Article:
Malaga, Spain -- The Circuito Ascari S.L., to be more precise, is located roughly 100km northwest of the beautiful city of Malaga. The track is highly technical with a number of corners that are meant to mimic famous corners at equally famous tracks. As well, it is set in the heart of a pair a National Parks replete with beautiful mountains, trees, and the growl of flat 6-cylinder engines, and one debilitating normally aspirated V8.
It is here that I was fortunate and able to sample what is essentially the best of the best of Porsche’s performance-bred streetcars.
If the first GTS cars were a little more hardcore, the ‘90s 928 brought with it not only big power but lots of luxury and loads of high performance driving abilities. Today, the focus is not only on performance (more power, all the top handling goodies), but also on design and the emotion surrounding the car.
All of the GTS cars get unique physical improvements that tangibly set the GTS cars apart from the “base” and “S” Porsches. The radiator cover and portions of the front fascia (air intakes) are all black. Some colours, such as Sapphire blue and Carmine red, also pull the eye in.
The Carrera 2 GTS is gifted with the Carrera 4’s 44mm wider rump and then all get a 10mm drop thanks to the standard PASM (Porsche Active Suspension Management). An available Sport Chassis option lowers the ride height further to 20mm. Dynamically and aesthetically, um: yum. Despite this, the goal of the GTS is to maintain comfort and ease of handling.
Power numbers climb 30-50 horsepower over the “S” cars; most of this extra oomph comes in at higher rpm. With the rise in engine speeds comes emotion, over and above what one feels by simply staring at the car. Sport Exhaust is standard and the sound is tuned specifically for each engine. True exhaust sound is channeled into the cabin, not digitally enhanced. It’ll bring a tear to your eye. Perhaps both.
Some of the options that were found on the cars I drove included the always impressive Porsche Dynamic Chassis Control (PDCC) and Porsche Ceramic Composite Brakes (PCCB), both of which I would spring for.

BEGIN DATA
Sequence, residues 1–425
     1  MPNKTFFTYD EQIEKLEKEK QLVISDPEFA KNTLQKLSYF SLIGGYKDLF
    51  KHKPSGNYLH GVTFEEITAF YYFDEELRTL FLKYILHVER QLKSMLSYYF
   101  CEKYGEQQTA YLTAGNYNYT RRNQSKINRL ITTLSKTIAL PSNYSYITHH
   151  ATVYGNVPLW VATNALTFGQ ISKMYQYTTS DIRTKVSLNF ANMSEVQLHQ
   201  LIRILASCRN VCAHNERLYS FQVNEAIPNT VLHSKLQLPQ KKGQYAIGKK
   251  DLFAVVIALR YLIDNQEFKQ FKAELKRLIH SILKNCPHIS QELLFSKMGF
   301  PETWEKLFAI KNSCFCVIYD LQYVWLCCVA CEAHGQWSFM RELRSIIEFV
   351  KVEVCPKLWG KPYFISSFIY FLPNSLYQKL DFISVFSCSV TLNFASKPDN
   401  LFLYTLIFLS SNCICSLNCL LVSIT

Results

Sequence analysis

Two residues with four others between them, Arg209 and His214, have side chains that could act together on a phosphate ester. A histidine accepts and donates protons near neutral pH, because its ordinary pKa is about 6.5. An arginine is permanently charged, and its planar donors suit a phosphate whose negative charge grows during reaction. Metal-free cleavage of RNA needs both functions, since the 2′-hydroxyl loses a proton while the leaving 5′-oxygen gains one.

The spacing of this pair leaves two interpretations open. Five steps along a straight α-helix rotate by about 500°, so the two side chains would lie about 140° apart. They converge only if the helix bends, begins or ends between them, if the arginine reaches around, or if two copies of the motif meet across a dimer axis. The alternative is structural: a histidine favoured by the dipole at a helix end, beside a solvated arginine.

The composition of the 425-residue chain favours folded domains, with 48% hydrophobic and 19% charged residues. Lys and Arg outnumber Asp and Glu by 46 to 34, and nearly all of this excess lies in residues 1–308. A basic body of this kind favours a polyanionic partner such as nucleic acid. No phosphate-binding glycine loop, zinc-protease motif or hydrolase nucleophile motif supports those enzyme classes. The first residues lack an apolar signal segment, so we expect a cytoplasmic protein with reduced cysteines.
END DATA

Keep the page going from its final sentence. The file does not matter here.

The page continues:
Here are some details on each delightful GTS car currently on offer from Porsche.
Porsche Boxster GTS
- 3.4L H6, 330 hp and 273 lb-ft of torque
- Acceleration 0-100km/h (with PDK and Sport Chrono Package): 4.7 seconds
I sampled this car last summer through a typical weeklong road test. The glory that is this car in summer with the top down coupled with the sport exhaust makes you thankful to be alive.
Porsche Cayman GTS
- 3.4L H6, 340 hp and 280 lb-ft of torque
- Acceleration 0-100km/h (with PDK and Sport Chrono Package): 4.6 seconds
My review of the 2015 Cayman GTS will be online in the coming months, and although I’m thoroughly smitten with the car, it was at this track that I fully discovered the depth of ability that the Cayman GTS holds. Shooting towards apexes ever faster while the masterful PDK pounds away at gears is magical. What I was seeing and doing through corners was beyond my beliefs.
I may have positioned this car as my 2nd favourite GTS, but it might be the best track-ready street Porsche there is. The 911 Carrera 2 was my No. 1 #because911.
Porsche Cayenne GTS
- 3.6L twin-turbo V6, 440 hp and 443 lb-ft of torque
- Acceleration 0-100km/h (with Sport Chrono Package): 5.1 seconds
Unfortunately for me, I did not drive this one on the track. I had my heart set on the mid- and rear-engined cars at this event. Be that as it may, I’ve driven various Cayennes in the past (including a 2009 GTS), and am always impressed by the sheer brute force and handling abilities of Porsche’s ‘ute.
Porsche Panamera GTS
- 4.8L V8, 440 hp and 384 lb-ft of torque
- Acceleration 0-100km/h (with Sport Chrono Package): 4.4 seconds
Well, I wasn’t solely minded on the flat-sixes… I lapped the Ascari track in this car if only because I wanted to hear and feel the roar the final normally aspirated Porsche V8 possessed. Massive though it may be, the Panamera flew from one section to the other of the track. It hides its girth very well, and is stunning to behold.
Porsche 911 Carrera/Targa GTS
- 3.8L H6, 430 hp and 325 lb-ft of torque
- Acceleration 0-100km/h (Carrera 2 with PDK and Sport Chrono Package): 4.0 seconds
I drove both a Carrera 2 and 4, and it’s the 2 that won me over as my favourite GTS car. On the track, the Carrera 4 GTS with PDK was mind-blowingly fast and impossibly agile. While the ‘box managed the cogs, the AWD system with PTV Plus (Porsche Torque Vectoring) with electronic rear differential lock (w/PDK) kept the 911 online at every corner. Lightly braking the inside rear wheel, the outside rear wheel makes use of the extra torque consequently pushing the car deeper into the corner. Coming out the other side requires a steady right foot and good sized cojones, as the 911 will go faster than the driver thinks possible.
As for the star of the event, the 911 Targa GTS, read more about it here in my full review.